BUILD Blog


The Architecture of Observation
January 29, 2008, 10:30 am
Filed under: Architecture, Rural Architecture, Urban Architecture

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Today’s blog entry focuses on an architecture whose function is to allow the viewing of other architectures. More specifically, these buildings shelter and promote the observation of ancient architectures. We’ve selected six important buildings, noteworthy for specific and similar reasons. Each is a built-form of our current time; constructed of modern materials and built with modern methods. These modern architectures pay tribute to past forms of architecture by not attempting to emulate or get in the way of them. The authors of these structures show their respect for the ruins by clearly delineating what is new and what is old. To achieve such a balance each project displays a careful and delicate insertion of the new into each pre-existing context. These new architectures seem to belong where they are and create a symbiotic relationship with the previous architectures.

Castelvecchio in Verona, Italy by Carlo Scarpa, 1973
Concept: A strategy of demolition, change, and modification, which allows each layer of the building’s history to come alive and take its place next to the others.
Ruins: Romanesque from the 12th through 14th centuries

Castelvecchio

Castelvecchio

Castelvecchio

 

Hedmarksmuseet in Hamar, Norway by Sverre Fehn, 1973
Concept: A “Suspended museum” allowing the observation of a dig in process.
Ruins: Romanesque & Gothic as early as 1500 A.D.

Hedmarksmuseet

Hedmarksmuseet

Hedmarksmuseet

Shelter for Roman Ruins in Chur, Switzerland by Peter Zumthor, 1986
Concept: The new protective casing for the archaeological finds was conceived as a kind of abstract reconstruction of the Roman volumes: a lightweight framework of walls, made of timber lamella which admit light and air, exactly follows the Roman outer walls, thus producing a package-like effect which gives a visible form to the location of the Roman buildings in today’s city landscape. The spaces inside the shell refer to Roman interiors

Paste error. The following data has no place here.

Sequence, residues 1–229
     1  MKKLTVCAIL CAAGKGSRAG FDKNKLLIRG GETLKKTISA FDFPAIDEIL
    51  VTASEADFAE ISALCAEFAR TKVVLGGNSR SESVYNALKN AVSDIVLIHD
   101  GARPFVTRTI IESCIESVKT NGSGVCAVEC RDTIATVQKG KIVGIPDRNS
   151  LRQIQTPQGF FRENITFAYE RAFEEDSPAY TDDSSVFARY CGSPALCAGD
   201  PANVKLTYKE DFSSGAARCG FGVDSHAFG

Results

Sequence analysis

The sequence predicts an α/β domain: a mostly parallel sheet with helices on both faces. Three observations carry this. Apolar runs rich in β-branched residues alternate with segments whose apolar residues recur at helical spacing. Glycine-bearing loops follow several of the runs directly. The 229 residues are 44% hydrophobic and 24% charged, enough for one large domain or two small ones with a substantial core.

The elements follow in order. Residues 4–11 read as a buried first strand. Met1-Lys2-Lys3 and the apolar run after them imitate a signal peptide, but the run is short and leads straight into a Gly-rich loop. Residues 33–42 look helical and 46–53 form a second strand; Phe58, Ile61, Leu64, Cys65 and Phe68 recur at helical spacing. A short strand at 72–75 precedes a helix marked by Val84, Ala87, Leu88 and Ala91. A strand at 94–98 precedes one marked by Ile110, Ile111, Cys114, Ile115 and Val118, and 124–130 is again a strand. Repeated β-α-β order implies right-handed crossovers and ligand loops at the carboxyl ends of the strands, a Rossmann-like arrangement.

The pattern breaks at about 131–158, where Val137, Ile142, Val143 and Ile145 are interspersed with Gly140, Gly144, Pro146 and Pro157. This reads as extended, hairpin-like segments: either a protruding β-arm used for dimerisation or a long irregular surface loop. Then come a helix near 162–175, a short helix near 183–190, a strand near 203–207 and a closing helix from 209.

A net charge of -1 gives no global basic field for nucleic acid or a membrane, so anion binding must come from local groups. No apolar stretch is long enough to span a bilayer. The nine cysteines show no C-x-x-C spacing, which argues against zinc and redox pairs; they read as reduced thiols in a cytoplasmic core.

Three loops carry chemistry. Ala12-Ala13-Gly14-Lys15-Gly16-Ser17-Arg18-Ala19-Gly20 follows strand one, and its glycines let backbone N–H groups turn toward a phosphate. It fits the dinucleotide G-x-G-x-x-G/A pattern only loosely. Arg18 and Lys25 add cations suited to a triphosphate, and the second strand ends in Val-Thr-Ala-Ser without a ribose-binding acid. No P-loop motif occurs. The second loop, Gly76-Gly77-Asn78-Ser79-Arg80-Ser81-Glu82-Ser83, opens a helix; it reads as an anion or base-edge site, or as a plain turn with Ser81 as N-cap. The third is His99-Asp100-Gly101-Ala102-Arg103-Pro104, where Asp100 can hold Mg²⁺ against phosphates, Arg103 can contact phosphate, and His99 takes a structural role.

Ruins: Roman building foundations

Shelter for Roman Ruins, Chur

Photo by Shigeo Ogawa & Shinkenchiku-sha

Shelter for Roman Ruins, Chur

Photo by Shigeo Ogawa & Shinkenchiku-sha

Shelter for Roman Ruins, Chur

Photo by Shigeo Ogawa & Shinkenchiku-sha

Shelter for Roman Ruins, Chur

Vasa Museum in Stockholm, Sweden by Marianne Dahlbäck and Göran Månsson, 1990
Concept: An articulated barn which protects the Vasa and allows observers to see the ship from a variety of perspectives and understand the function of such a vessel.
Ruins: A Swedish warship from 1628 which sank on her maiden voyage; the Vasa sat at the bottom of the Stockholm harbor for 333 years before being lifted to the surface in 1961.

Vasa Museum

photo by H. Lohninger www.photoglobe.info

Vasa Museum

Vasa Museum

Pont du Gard Museum in Nimes, France by Jean-Paul Viguier, 2000
Concept: To protect and regenerate the natural setting, extend the site visit area, explain and transmit the significance of the Pont du Gard.
Ruins: Roman aqueduct built between 19 B.C. and 50 A.D. which carried 5 million gallons of water per day to the Roman city of Nemausus (Nimes).

Pont du Gard Museum

photo by Xavier Testelin & Pierre Bourdis

Pont du Gard Museum

photo by Xavier Testelin & Pierre Bourdis

Pont du Gard Museum

photo by Xavier Testelin & Pierre Bourdis

New Acropolis Museum in Athens Greece by Bernard Tschumi, 2008
Concept: light, movement, and a tectonic and programmatic element, which together “turn the constraints of the site into an architectural opportunity, offering a simple and precise museum” with the mathematical and conceptual clarity of ancient Greek buildings.
Ruins: Greek Parthenon, Acropolis and Parthenon marbles, 5th Century B.C.

New Acropolis Museum

New Acropolis Museum

New Acropolis Museum

New Acropolis Museum

New Acropolis Museum

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